Author Interviews, JAMA, NYU, STD, USPSTF / 30.09.2022

MedicalResearch.com Interview with: Gbenga Ogedegbe, MD, MPH Dr. Adolph & Margaret Berger Professor of Population Health Director, Division of Health & Behavior Director Center for Healthful Behavior Change Department of Population Health NYU Langone Health NYU School of Medicine Member of the U.S. Preventive Services Task Force   MedicalResearch.com: What is the background for this study? Response: Syphilis has become more common over the past 20 years, after reaching a record low in 2000. The Task Force found that screening people who are at increased risk for syphilis can identify the infection early so it can be treated before problems develop. For that reason, the Task Force recommends screening people who are at increased risk for syphilis infection. (more…)
Author Interviews, Diabetes, JAMA, Pediatrics / 20.09.2022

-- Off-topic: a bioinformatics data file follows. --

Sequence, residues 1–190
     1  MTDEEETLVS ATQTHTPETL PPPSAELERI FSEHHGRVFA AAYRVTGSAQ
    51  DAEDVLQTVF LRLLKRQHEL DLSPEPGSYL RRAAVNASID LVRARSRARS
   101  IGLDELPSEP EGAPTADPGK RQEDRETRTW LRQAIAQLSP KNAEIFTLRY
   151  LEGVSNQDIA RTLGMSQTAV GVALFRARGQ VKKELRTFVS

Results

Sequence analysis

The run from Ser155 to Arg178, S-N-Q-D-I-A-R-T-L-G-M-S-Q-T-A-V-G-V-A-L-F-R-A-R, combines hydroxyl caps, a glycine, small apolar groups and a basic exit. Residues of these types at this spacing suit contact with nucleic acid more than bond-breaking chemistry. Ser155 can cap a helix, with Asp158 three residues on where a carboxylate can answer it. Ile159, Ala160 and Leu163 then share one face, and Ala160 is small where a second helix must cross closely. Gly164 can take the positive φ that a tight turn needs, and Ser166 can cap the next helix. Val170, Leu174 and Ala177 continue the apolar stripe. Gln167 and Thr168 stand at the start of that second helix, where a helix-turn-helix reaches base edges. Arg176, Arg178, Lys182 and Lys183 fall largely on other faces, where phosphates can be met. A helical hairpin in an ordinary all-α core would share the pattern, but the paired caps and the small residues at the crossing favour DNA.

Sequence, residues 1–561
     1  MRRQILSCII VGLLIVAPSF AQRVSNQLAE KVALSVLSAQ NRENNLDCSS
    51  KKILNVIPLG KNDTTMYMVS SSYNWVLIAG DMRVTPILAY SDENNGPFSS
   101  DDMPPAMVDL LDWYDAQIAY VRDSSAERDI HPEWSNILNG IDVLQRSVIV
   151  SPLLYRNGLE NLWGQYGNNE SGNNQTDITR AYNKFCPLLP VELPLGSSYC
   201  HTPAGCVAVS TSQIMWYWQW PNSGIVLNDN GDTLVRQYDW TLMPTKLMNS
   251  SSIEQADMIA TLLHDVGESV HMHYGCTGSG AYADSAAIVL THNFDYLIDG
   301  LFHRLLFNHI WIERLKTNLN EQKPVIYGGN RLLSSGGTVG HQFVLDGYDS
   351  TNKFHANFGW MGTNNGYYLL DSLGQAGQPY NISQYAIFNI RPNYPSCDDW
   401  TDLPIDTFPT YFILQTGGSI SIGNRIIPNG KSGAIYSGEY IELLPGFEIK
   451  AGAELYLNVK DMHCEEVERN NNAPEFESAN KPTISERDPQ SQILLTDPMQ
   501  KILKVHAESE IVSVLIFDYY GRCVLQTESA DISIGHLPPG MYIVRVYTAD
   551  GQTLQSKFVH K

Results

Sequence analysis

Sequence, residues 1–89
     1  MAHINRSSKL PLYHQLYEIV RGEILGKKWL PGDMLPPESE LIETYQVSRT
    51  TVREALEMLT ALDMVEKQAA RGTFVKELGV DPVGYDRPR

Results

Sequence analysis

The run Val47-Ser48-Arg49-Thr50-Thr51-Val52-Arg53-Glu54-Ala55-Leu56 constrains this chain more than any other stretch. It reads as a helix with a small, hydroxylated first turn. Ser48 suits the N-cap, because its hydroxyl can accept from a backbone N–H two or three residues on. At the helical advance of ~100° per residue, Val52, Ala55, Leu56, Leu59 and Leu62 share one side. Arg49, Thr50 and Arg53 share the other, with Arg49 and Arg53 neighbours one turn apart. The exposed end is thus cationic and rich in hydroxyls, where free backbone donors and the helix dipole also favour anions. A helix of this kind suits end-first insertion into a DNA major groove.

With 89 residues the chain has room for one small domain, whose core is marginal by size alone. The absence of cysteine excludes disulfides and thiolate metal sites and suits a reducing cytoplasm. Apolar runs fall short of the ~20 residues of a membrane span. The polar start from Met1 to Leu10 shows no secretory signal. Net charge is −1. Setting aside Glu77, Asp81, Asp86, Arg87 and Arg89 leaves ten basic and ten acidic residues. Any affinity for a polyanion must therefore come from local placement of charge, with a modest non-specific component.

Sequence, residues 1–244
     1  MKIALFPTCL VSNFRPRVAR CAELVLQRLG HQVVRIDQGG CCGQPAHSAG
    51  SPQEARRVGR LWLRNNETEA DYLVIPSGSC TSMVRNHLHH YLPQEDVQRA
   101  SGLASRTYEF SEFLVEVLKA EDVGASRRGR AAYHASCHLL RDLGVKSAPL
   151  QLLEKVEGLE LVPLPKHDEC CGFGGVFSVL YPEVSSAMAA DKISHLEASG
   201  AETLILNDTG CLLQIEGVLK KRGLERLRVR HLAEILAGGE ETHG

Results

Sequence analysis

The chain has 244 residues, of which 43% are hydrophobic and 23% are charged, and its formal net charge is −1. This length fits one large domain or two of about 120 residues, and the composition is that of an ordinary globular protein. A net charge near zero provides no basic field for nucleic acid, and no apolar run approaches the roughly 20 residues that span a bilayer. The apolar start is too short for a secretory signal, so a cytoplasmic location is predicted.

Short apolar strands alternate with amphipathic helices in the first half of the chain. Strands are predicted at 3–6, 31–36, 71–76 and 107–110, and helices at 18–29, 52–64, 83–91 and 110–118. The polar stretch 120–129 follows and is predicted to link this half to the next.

MedicalResearch.com Interview with: Michael Cabana, M.D., M.A., M.P.H Professor of Pediatrics Albert Einstein College of Medicine Physician-in-chief at the Children's Hospital at Montefiore Chair of the Department of Pediatrics at the Albert Einstein College of Medicine. Dr. Cabana joined the U.S. Preventive Services Task Force in January 2019 MedicalResearch.com: What is the background for this study? Response: Prediabetes and type 2 diabetes have historically been far more common in adults, but the number of children and teens who have these conditions is rising. However, there is still very limited research on whether screening, early detection, and early treatment of diabetes will improve a child’s long-term health. Due to this lack of evidence, the Task Force was unable to assess the benefits and harms of screening, particularly in Black, Hispanic, American Indian, and Pacific Islander populations, who are at a significantly higher risk of developing type 2 diabetes. We are calling for more research on this important topic. (more…)